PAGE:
Ban calls for South African political party to continue fight against discrimination

9 January 2012

Secretary-General Ban Ki-moon commemorated the centenary of South Africa’s ruling party, the African National Congress (ANC), hailing its successes as a key liberation movement in the country but also calling for its continued determination to defend the principles of freedom, justice and non-discrimination.

“The African National Congress is more than a political party. It is a movement – a tangible expression of a vision,” Mr. Ban said yesterday in a message. “The commitment and sacrifice of its members led to the emancipation of a nation. The justness of its cause attracted support from around the world, from all races and religions.”

Mr. Ban underscored the role that the ANC has played in helping South Africa establish firm foundations, citing a tradition of smooth democratic transitions as well as a progressive constitution which gives women one third of the seats in Parliament as elements that have ensured the country’s progress. He also highlighted the country’s robust economy and its growing influence in continental and global affairs.

“All these examples of progress are testament to the ANC’s success,” he said. “Yet with such success also comes great responsibility. The power of the ANC lies not just in the numbers of people who vote for it, but the vision for which it stands.”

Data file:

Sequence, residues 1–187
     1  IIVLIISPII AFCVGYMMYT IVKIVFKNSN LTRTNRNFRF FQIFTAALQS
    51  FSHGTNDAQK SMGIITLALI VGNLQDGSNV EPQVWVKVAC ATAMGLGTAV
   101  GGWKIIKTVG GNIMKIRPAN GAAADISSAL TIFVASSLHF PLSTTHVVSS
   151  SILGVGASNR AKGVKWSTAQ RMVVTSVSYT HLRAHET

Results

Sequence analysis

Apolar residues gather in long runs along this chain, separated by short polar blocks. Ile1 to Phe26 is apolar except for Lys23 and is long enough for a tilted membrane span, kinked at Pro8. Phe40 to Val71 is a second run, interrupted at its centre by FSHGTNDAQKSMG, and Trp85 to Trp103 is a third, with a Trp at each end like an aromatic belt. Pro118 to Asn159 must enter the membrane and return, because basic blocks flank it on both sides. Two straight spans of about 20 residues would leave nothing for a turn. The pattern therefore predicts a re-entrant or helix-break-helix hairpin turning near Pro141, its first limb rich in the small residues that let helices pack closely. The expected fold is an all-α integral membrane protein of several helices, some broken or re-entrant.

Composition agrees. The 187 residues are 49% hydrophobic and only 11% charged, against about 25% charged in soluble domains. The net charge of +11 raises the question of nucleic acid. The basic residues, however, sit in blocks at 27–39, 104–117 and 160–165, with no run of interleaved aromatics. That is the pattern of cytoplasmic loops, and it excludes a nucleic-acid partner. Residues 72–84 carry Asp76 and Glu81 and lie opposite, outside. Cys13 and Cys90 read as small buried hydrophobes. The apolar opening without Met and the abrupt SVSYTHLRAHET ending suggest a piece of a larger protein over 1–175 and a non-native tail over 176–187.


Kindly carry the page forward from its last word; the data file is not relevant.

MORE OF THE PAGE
Mr. Ban stressed that the ANC must strive to achieve its vision of a non-racial democracy, which he said is not just an issue relevant to South Africa but to the whole world.

“The struggle for freedom, justice, human rights and non-discrimination is a global battle,” he said. “Defeating racism, tribalism, intolerance and all forms of discrimination will liberate us all.”

 

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Migiro calls on nations to continue fight against racism and xenophobia

Countries must boost their efforts to combat systematic discrimination, Deputy Secretary-General Asha-Rose Migiro said today while urging States to continue to combat racism, xenophobia and intolerance.